Millinocket is a Native American word (Abenaki) that means “the land of many islands”. For 10,000 years Millinocket was inhabited solely by Native Americans. Thomas Fowler arrived in 1829. He was the first settler of what would eventually become Millinocket. He worked with his family to clear land, build a log cabin, and start a farm on the West Branch of the Penobscot River at the head of Shad Pond. By 1837 several families had also built cabins there. Thomas Fowler and his son, Thomas Fowler Jr. were hired by author Henry David Thoreau in 1846 to be guides on a trip to Mt. Katahdin. Later Thoreau would write about the area in his book titled, “The Maine Woods”.
The area began to grow in 1894 when the Bangor and Aroostook Railroad finished its line to Houlton providing rail service to the area. Millinocket’s remote forest location made the town an ideal place for the Great Northern Paper Company to locate their mill. Construction began in 1899. The mill was built by hundreds of Italian immigrant stone masons and laborers. Of Millinocket’s 1,002 residents in 1900, 432 were natives of Italy. Immigrants from Poland, Finland, Lithuania, and Hungary also arrived to work as laborers to complete the mill. French Canadians came from along Maine’s northern border with Canada, and from the St. John Valley, to work in the woods, as well as the mill. Soon people were pouring in from all over the globe to build the town and to work at the mill.
The region grew so quickly that the small township was dubbed “The Magic City” because it grew so fast – in the wilderness. Great Northern Paper Company grew to be the largest mill in the world. Harnessing the water of the West Branch of the Penobscot River, power was generated to drive the mill and turn out paper which was exported throughout the world. The mill operated 24 hours a day seven days a week, churning out newsprint at the rate of 240 tons per day.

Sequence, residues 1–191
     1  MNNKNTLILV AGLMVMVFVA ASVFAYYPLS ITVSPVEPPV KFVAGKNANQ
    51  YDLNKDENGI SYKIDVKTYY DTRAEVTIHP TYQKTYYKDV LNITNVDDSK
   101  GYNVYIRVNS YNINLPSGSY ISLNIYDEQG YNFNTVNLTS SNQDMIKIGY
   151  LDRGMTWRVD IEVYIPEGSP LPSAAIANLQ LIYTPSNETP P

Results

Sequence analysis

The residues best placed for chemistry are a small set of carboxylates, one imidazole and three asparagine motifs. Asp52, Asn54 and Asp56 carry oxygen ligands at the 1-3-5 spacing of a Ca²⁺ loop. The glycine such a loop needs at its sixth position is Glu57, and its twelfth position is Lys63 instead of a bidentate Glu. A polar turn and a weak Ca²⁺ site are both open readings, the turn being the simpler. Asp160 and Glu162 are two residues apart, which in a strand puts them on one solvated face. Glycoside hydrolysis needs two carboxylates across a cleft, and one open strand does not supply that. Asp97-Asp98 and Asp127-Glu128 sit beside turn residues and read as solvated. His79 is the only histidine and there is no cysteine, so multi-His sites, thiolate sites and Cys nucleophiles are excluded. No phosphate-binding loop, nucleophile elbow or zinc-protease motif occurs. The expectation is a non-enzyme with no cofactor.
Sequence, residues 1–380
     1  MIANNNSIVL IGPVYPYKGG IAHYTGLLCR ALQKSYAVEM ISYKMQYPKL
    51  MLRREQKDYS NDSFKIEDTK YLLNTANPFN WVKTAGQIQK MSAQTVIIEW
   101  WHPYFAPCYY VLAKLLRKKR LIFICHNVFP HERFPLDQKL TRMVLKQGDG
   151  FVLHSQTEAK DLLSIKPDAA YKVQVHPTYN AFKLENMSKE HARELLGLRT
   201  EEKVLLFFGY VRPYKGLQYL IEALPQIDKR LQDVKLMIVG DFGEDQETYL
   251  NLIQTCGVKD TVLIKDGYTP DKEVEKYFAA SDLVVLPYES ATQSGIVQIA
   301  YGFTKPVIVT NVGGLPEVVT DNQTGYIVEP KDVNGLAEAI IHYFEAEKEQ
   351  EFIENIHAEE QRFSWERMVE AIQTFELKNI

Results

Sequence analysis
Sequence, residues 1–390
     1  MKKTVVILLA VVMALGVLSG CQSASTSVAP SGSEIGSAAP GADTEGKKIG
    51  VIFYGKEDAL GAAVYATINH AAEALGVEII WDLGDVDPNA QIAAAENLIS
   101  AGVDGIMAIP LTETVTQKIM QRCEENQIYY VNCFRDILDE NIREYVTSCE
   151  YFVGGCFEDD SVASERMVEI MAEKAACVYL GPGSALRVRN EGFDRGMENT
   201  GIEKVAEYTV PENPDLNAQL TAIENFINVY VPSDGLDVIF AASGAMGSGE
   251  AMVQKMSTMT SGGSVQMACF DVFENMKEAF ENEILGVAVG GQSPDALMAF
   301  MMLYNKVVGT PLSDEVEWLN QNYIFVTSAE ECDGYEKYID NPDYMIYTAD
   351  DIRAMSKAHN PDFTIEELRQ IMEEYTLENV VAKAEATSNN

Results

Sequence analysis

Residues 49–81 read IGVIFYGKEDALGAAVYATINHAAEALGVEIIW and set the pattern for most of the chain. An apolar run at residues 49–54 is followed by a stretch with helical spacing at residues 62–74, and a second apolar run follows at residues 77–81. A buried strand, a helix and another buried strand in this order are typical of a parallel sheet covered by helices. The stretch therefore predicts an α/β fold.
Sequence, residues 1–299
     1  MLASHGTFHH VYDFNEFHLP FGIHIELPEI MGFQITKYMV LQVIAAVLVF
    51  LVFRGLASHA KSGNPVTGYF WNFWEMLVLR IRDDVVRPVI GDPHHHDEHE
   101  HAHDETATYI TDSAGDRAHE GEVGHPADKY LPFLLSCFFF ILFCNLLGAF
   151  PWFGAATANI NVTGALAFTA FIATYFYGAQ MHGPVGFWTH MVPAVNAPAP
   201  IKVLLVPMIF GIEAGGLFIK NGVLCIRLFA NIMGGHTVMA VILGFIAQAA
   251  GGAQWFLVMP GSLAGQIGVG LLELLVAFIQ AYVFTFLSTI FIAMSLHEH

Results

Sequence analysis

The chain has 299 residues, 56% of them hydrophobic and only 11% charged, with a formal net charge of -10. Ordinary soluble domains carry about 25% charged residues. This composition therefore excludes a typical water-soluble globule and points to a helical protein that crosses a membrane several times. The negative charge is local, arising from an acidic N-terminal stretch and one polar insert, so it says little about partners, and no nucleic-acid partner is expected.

Throughout the 20th century, the community prospered. Millinocket citizens formed different organizations to provide structure and entertainment for the town. The Great Northern Hotel, and the Millinocket Opera House were two notable locations for performances.The citizens had sports teams and a community band. Millinocket even had a golf course. Millinocket kept growing.
The town was very self sufficient. It is said that during the Great Depression no one at the mill lost their jobs. Although the workers reduced their hours to keep everyone working, they were all able to support their families during that bleak period in American history. After WWII there was a housing boom and in the early 50’s Millinocket built a hospital and a community swimming pool. There was a time when a young man could graduate Stearns High School and start work at Great Northern Paper the very next day. The town had the highest manufacturing wages in the state. In 1973, average annual gross manufacturing wages in Millinocket were $11,951 (roughly $64,000 in today’s dollars) compared to a state average of $7,050 (nearly $38,000 in today’s dollars), according to the Census of Maine Manufacturers.
Millinocket’s population peaked at more than 7,700 residents in the 1960s and 1970s. The Millinocket and East Millinocket mills produced newsprint for some of the largest newspapers on the East Coast, including The New York Times. It produced paper for phone books and catalogs. The town’s people sometimes remarked that most of the people on the East Coast have held Millinocket-made paper in their hands at one time or another. Great Northern Paper was taken over by Georgia Pacific in 1989 and then the mill switched hands again in 1999 to Inexcon, a Canadian company.They were acquired by Brascan Corporation in April 2003 and operated under the name of Katahdin Paper Company LLC. In 2003 Brookfield Asset Management bought the mills after the company filed for bankruptcy. That company continued its decline, laying off workers in 2008. The mill closed it’s doors forever in 2008.
Millinocket remains optimistic and hopeful for its future. Thousands of people visit the area every year to enjoy Baxter State Park, the West Branch of the Penobscot River and the many lakes in the region. Now, in addition to Baxter State Park, the region is also home to the Kathadin Woods and Waters National Monument, which is 87,563 acres of land adjacent to Baxter. The National Monument was made official in 2016. Millinocket has a flourishing service economy, and is growing into a major four-season tourist attraction for people who love to explore the great outdoors.